Biologists found single-celled organisms living in sediments 1180 meters beneath the ocean at temperatures of 120 degrees Celsius.
The ancient lake bed, sealed more than a mile under Greenland ice, may be hundreds of thousands or millions of years old, and contain unique fossil and chemical traces of past climates and life.
(Earth Institute at Columbia University) Scientists have detected what they say are the sediments of a huge ancient lake bed sealed more than a mile under the ice of northwest Greenland–the first-ever discovery of such a sub-glacial feature anywhere in the world.
For the first time, researchers have mapped the biological diversity of marine sediment, one of Earth’s largest global biomes. The research team discovered that microbial diversity in the dark, energy-limited world beneath the seafloor is as diverse as in Earth’s surface biomes.
While other news is capturing plenty of the public’s attention these days, there are some headline-worthy happenings in the world of offshore wind, including the first turbines in US federal waters. If you could use a splash of good news (and non-other-stuff news) at a time like this, here are a few updates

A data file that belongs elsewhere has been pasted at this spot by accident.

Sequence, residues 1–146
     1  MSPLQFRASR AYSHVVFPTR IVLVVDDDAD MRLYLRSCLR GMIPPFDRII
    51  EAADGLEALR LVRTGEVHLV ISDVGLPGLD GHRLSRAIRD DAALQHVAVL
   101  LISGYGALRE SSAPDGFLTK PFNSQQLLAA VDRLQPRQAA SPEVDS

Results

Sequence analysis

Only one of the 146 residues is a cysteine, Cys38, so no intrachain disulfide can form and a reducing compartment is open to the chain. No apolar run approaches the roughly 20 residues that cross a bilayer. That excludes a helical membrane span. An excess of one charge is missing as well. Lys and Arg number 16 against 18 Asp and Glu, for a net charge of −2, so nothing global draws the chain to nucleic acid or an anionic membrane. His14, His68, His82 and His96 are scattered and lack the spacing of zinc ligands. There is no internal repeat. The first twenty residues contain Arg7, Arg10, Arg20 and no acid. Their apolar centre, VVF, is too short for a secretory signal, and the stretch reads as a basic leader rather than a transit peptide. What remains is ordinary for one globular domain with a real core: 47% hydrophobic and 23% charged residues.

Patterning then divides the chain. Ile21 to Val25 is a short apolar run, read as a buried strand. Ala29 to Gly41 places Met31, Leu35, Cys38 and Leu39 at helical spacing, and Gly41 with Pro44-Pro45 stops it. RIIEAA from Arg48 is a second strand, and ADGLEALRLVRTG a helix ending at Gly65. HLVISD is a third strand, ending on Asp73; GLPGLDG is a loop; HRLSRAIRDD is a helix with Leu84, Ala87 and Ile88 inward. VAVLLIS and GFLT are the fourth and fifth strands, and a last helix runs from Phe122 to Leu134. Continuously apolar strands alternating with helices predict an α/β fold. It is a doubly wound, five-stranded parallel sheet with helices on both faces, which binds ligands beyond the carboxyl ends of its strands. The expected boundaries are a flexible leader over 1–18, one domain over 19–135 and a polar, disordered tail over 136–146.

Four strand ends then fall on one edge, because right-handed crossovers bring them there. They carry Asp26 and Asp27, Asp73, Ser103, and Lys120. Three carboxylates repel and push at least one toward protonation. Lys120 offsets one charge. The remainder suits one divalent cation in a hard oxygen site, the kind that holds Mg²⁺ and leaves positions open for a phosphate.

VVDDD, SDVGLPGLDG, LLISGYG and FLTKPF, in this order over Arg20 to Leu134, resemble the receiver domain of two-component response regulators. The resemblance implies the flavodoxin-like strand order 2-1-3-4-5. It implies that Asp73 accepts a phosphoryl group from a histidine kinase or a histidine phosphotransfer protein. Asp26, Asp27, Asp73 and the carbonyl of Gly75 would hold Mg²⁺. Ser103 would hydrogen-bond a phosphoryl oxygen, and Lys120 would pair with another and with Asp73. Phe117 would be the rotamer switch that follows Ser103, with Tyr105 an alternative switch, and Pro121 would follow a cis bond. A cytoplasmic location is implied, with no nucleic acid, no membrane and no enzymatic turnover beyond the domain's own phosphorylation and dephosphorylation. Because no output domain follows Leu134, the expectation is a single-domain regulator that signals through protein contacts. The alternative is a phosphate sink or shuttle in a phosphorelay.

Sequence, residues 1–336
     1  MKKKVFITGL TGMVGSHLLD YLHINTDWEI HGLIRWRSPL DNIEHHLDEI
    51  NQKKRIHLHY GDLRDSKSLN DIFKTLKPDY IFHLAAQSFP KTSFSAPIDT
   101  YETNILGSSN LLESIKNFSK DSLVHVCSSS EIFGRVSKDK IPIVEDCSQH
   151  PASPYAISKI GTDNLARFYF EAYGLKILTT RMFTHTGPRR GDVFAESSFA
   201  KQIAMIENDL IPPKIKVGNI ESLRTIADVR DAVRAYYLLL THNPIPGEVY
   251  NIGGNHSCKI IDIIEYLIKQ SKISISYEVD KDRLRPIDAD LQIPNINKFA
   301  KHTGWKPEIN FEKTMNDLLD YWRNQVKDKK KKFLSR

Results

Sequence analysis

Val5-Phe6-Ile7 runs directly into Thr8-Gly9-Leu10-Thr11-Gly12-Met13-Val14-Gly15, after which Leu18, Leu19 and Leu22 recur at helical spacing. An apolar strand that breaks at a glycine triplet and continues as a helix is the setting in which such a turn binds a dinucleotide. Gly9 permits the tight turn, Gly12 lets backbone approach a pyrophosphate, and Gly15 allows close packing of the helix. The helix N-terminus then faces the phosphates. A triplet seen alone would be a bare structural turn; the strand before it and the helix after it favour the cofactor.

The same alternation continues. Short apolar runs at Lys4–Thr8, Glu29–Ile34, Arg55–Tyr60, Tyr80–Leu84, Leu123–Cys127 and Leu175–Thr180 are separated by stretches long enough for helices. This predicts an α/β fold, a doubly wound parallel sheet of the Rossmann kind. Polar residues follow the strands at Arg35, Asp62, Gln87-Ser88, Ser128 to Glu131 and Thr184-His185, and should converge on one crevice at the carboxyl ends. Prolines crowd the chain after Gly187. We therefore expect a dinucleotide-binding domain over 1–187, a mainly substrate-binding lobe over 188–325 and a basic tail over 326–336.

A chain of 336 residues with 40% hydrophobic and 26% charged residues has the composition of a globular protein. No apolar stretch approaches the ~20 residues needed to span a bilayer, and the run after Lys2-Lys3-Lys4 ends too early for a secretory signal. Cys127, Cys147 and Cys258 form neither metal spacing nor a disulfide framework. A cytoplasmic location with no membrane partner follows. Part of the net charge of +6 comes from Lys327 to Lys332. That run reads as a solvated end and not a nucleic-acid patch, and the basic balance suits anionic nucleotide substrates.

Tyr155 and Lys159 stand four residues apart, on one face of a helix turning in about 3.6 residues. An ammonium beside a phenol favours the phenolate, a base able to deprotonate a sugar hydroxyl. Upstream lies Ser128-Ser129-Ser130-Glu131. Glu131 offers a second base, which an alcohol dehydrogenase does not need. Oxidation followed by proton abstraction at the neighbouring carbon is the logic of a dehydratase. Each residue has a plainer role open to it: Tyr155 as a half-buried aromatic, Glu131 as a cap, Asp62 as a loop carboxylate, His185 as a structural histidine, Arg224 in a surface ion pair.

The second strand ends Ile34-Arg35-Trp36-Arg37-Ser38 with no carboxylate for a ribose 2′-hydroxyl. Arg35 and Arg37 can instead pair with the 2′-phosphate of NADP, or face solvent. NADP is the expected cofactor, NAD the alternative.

Summary: The Keystone State, an oil and natural gas powerhouse, is under siege by an alliance of well-organized, well-funded “green” activists. From cap-and-trade schemes meant to bleed ratepayers dry to fracking bans on one of Pennsylvania’s most vital industries, the…
(University of Rhode Island) A survey of maritime infrastructure engineers by University of Rhode Island researchers found that the rising sea level is often not factored into designs of ports, breakwaters, fishing piers and other coastal infrastructure.
After digging into an old spreadsheet to create a new report on top solar power states per capita, it crossed my mind to compare the results from the first half of 2020 with the results from 2012, which is the last time I had published such a report before today
If you’ve been reading CleanTechnica long enough, you know that 8 to 10 years ago, I used to publish reports on solar power capacity per capita — for both US states and countries around the world. I’m returning to these, starting with this one on the top solar states